2010 Australia - Telecoms Industry - Statistics and Forecasts
This report provides statistics and forecasts for 2011, as well as high-level commentary on the overall market, market shares by operator, and detail of 3G and prepaid and postpaid usage. For those needing detailed revenues, forecasting and analysis on the Australian telecommunications market this report provides essential reading and gives in-depth industry information on:
Analysis of the market
Revenue, annual growth and market share statistics;
Business market and residential market broadband statistics;
Analysis and revenue forecasting for 2015 and 2020;
Market statistics segmentation by voice, mobile and data;
Market segmentation and market statistics by major provider and by service;
Overview and market analysis of the second-tier telco market.
Researcher:- Paul Budde Current publication date:- October 2010 (23rd Edition) Next publication date:- October 2011
Market to grow to $80 billion by 2020
The Australian telecommunications industry is preparing itself for the National Broadband Network. While it will be several years before the full impact of the NBN is felt, it will also take several years to change the industry around. Companies will have to reorganise themselves along new markets such as infrastructure and construction; middleware such as data centres, content hosting, cloud computing, OSS/BSS; and retail.
This reorganisation and repositioning is already noticeable in current market activities, where the focus is moving from ARPU to market share. Prices in mobile and fixed broadband have dropped significantly during 2010 as operators try to win as many customers as possible. These customer bases are becoming very valuable and more companies will want to do business with their customers through digital services. The telcos and ISPS are positioning themselves as attractive partners for such developments.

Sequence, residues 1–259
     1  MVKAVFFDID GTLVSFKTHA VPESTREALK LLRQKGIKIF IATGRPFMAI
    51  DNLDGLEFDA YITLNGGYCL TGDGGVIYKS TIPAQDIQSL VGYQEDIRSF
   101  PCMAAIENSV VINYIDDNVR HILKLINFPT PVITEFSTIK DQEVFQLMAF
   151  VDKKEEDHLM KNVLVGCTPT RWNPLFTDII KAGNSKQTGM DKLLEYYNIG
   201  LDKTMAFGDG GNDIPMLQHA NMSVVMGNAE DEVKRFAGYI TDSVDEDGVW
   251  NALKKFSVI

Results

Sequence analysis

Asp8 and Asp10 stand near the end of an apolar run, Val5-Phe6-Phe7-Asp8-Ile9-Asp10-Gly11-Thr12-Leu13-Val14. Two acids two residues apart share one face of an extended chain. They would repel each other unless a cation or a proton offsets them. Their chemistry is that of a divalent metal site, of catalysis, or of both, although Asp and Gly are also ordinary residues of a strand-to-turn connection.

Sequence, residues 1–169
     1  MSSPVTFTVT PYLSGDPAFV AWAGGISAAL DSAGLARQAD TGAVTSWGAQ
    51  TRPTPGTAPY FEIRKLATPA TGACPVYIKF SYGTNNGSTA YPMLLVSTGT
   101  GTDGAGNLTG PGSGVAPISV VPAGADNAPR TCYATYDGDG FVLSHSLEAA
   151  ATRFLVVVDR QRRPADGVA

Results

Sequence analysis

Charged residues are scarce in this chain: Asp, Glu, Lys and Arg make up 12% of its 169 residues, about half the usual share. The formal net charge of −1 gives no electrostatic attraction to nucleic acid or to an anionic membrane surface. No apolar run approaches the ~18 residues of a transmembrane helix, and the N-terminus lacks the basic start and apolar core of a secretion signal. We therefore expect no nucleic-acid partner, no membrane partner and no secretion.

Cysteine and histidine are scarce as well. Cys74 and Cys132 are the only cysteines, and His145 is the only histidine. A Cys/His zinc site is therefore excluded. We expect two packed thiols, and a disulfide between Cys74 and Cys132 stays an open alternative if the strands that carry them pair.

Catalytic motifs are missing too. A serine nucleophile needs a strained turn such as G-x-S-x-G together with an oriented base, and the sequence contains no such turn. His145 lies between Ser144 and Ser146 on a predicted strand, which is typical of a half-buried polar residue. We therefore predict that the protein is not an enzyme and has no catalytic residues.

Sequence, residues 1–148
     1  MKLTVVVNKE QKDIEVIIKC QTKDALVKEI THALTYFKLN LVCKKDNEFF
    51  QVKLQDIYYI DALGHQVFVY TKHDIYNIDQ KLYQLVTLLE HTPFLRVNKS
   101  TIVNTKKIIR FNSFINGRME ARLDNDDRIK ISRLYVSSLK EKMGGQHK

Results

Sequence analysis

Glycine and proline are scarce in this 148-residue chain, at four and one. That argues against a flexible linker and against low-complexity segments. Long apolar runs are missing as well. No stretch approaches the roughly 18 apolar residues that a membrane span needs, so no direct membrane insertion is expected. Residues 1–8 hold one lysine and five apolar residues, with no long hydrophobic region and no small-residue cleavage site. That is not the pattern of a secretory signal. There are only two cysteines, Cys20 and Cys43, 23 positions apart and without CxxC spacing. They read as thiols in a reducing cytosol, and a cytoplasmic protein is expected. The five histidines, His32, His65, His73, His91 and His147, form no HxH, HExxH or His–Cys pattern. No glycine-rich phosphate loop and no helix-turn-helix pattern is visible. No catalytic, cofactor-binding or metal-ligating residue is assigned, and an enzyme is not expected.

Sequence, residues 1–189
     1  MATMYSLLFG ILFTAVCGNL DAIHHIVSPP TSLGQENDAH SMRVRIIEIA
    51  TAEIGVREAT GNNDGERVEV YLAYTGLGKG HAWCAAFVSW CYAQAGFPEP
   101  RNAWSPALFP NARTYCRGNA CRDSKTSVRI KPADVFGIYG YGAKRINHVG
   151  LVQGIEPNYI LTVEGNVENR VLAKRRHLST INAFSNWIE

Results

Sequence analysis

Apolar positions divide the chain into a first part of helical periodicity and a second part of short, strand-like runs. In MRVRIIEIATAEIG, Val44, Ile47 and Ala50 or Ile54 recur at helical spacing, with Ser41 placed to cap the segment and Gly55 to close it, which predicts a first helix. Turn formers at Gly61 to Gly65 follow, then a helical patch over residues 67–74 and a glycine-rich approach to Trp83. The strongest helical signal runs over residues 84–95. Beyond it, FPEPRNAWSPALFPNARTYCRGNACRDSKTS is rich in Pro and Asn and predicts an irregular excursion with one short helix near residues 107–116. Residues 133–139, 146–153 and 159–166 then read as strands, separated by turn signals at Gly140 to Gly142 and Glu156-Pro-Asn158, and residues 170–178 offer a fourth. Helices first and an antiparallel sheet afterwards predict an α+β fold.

The NBN will become the predominant infrastructure, and as a utilities-based network it will also provide its services to other sectors, such as healthcare, education and business. With these sectors involved the industry will develop specific new business models around infrastructure, ICT and retail.
Telcos will have to decide where they want to play. Infrastructure will largely move to NBN Co and its contractors (eg, Telstra). Companies also have the opportunity to become the ICT providers to those other sectors. The larger sectors, in particular, will create a sizeable demand for value-added infrastructure services. The first of such contracts, signed in the healthcare industry, offers a glimpse of the future.
All of this will assist the industry to double its size to around $80 billion by 2020.
Declining traditional revenue
The total telecoms service market is segmented according to major provider (Telstra, Optus VHA and other providers). Detailed revenue and forecasting statistics and analyses are also included, separately, for Telstra, Optus and VHA.
Telstra still dominates the overall Australian telecom market, with more than 60% market share of overall revenues in 2009/10. However, Telstra’s annual results for 2010 showed declining revenue in most segments, and this is expected to drop further during 2011 and perhaps into 2012.
The total telecoms service market is segmented according to telecommunications service: local access, mobile and data/broadband revenues. Detailed revenue and forecasting statistics and analyses are also included, separately, for the wholesale, mobile, data and broadband markets, with forecasts for 2011/12.
PSTN revenues (fixed-line voice and local access revenues), continue on a downward spiral for all the telcos, while the data market has now overtaken the mobile sector as the main driver of growth, driven by the retail broadband sector.
Telecommunications regulatory reform will feature prominently during 2011, once the effects of the election settle down.
Fixed-line voice is declining in the second-tier market at an even faster rate than in the first-tier market – by more than 11% in 2008/09 and more than 8% in 2009/10. Falling revenue reflects increased bundle value, as well as consumers moving away from fixed-line voice services. However it may also be a symptom of increased reliance on VoIP-based platforms (such as iiNet’s successful BoB promotion) for voice service provision in the second-tier market. Revenues in second-tier mobile services and data services (including Internet access) continue to show satisfactory growth.
We also present an overview of key statistics and trends in the Australian Internet and broadband market, including Internet subscribers segmented by geographical area and type of Internet access technology. The publication also provides market share and access revenue statistics. We provide segmentation by dial-up/broadband and include statistics on website usage.